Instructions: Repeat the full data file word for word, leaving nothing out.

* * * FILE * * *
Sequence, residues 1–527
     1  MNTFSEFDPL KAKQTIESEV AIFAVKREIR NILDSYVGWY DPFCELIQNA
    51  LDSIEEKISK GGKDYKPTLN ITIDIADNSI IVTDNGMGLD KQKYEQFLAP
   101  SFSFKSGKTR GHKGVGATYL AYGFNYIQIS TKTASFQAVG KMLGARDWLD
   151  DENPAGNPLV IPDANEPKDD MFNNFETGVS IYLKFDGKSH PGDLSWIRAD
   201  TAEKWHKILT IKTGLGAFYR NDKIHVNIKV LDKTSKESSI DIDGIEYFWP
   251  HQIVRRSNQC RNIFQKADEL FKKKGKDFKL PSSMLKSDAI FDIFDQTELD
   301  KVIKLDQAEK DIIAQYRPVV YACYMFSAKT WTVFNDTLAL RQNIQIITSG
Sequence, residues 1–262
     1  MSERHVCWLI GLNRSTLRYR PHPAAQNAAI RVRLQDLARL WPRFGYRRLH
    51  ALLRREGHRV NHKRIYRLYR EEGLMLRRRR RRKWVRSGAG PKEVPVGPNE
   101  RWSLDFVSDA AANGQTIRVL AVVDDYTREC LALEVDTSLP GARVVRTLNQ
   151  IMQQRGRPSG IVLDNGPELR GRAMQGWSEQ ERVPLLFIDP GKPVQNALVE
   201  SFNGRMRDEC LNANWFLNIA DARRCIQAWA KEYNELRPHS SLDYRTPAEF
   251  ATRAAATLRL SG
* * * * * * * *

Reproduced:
Sequence, residues 1–527
     1  MNTFSEFDPL KAKQTIESEV AIFAVKREIR NILDSYVGWY DPFCELIQNA
    51  LDSIEEKISK GGKDYKPTLN ITIDIADNSI IVTDNGMGLD KQKYEQFLAP
   101  SFSFKSGKTR GHKGVGATYL AYGFNYIQIS TKTASFQAVG KMLGARDWLD
   151  DENPAGNPLV IPDANEPKDD MFNNFETGVS IYLKFDGKSH PGDLSWIRAD
   201  TAEKWHKILT IKTGLGAFYR NDKIHVNIKV LDKTSKESSI DIDGIEYFWP
   251  HQIVRRSNQC RNIFQKADEL FKKKGKDFKL PSSMLKSDAI FDIFDQTELD
   301  KVIKLDQAEK DIIAQYRPVV YACYMFSAKT WTVFNDTLAL RQNIQIITSG
Sequence, residues 1–262
     1  MSERHVCWLI GLNRSTLRYR PHPAAQNAAI RVRLQDLARL WPRFGYRRLH
    51  ALLRREGHRV NHKRIYRLYR EEGLMLRRRR RRKWVRSGAG PKEVPVGPNE
   101  RWSLDFVSDA AANGQTIRVL AVVDDYTREC LALEVDTSLP GARVVRTLNQ
   151  IMQQRGRPSG IVLDNGPELR GRAMQGWSEQ ERVPLLFIDP GKPVQNALVE
   201  SFNGRMRDEC LNANWFLNIA DARRCIQAWA KEYNELRPHS SLDYRTPAEF
   251  ATRAAATLRL SG